The Kingdom

This dual point of view seems to me to be indicative of the Kingdom of God which Jesus preached about and which we heard in our Gospel reading. The Kingdom is drawing close and will turn the values of our world upside down.

The Kingdom is about turning around the values of our world. From God’s point of view this is setting the world right, from our perspective this is a radical change.

  • Jesus says the meek will inherit the earth, we tend to ignore them
  • Jesus says that the peacemakers are blessed, we criticise them as compromisers or those who deal with terrorists,
  • Jesus says the poor are blessed, we just feel guilty about them.

Dali shows in beautiful art something of this dichotomy of split points of view.

The Cross

The cross is central to the Christian faith but not, as is so often preached, as a kind of cosmic sin management process. The cross is so much deeper than that. All too often the way we think about the cross is focused too much on sin –

  • Jesus died for our sins,
  • Jesus was sacrificed for our sins,
  • Jesus’ blood means we’re forgiven.

These ways of expressing the mystery raise, for me, more questions than they answer.  What type of God demands blood? This is not to say that sin and Christ’s death are intrinsically linked, but it is to say that it’s not the totality of what is going on there.

Instead I think the cross is about more than the management of sin.  On the cross the Son dies and the Father feels pain.  Dali shows us the cross from God’s perspective.  What parent could not feel pain and horror as their child is put to death because of injustice, prejudice and politics?

Jesus was killed because some thought he was blasphemous and others thought he was challenging the status quo too much.  His teaching threatened those who had power, who felt that the world could be managed for the rich and who were threatened by Jesus’ appeal to the crowds.  And those with power will always strive to keep what they have.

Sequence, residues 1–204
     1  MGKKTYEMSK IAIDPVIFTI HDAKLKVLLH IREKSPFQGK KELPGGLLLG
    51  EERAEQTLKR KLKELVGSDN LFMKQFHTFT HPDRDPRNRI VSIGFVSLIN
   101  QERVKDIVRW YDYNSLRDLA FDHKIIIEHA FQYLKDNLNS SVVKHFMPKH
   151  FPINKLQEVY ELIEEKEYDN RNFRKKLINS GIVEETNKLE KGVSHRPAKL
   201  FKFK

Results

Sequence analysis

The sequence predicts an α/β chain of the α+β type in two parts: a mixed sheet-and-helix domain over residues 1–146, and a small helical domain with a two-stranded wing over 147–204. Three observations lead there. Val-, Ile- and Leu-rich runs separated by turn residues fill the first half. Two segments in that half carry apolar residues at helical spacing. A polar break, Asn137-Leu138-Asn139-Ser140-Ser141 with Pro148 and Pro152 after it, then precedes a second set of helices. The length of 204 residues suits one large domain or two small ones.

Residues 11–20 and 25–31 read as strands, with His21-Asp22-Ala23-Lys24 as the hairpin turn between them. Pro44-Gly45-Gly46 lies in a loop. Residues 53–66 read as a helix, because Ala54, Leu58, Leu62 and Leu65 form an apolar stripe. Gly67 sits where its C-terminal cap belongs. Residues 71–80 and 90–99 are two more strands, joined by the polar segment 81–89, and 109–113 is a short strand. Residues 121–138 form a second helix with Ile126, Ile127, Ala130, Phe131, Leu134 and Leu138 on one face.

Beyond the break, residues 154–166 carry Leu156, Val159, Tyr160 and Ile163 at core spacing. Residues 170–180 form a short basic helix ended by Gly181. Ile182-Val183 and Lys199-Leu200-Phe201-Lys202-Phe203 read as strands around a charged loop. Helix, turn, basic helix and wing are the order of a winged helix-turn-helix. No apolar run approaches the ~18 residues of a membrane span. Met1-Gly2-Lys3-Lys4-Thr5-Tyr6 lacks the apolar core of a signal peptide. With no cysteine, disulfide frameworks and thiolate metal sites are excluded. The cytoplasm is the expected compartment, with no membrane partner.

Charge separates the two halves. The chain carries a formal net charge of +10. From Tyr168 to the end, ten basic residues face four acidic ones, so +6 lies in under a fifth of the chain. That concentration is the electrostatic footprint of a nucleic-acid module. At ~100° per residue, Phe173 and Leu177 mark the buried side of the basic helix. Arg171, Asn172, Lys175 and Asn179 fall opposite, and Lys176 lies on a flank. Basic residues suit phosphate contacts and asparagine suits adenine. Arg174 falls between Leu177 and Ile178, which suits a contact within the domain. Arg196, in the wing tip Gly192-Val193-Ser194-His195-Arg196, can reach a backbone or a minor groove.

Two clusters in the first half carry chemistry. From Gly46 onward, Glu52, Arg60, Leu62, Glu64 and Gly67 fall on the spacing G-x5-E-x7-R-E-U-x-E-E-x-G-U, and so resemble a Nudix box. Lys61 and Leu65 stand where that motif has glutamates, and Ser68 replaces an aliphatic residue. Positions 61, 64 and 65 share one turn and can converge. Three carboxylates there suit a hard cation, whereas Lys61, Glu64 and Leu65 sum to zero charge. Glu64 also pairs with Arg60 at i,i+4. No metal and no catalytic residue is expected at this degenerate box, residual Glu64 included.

We look at the cross now influenced by the resurrection.  Knowing about the resurrection, however, should not take away from the horror of Jesus giving himself up to death nor the Father feeling the pain, the agony, the injustice and the rage of it all.  As Latin American theologian Jon Sobrino writes:

“On the cross of Jesus God himself is crucified.  The Father suffers the death of the Son and takes upon himself all the pain and suffering of history.  In this ultimate solidarity with humanity he reveals himself as the God of love, who opens up a hope and a future through the most negative side of history”

Until the Kingdom comes, the life of the Christian is about being drawn into this dynamic of the self-giving love of the Son and the pain and distress of the Father.  This dual perspective for me is helped by Dali’s painting.

The Coming Kingdom

In the short parables we heard today, we see Jesus showing that the kingdom starts small but grows. The mustard seed is a tiny seed, but the plant that comes from it is huge. The kingdom is like a bit of yeast which raises the dough. The kingdom was inaugurated by Jesus but won’t be here in all it’s fullness until the end of time. We seek to live by the values of the Kingdom but are frustrated by the reality of the world around us.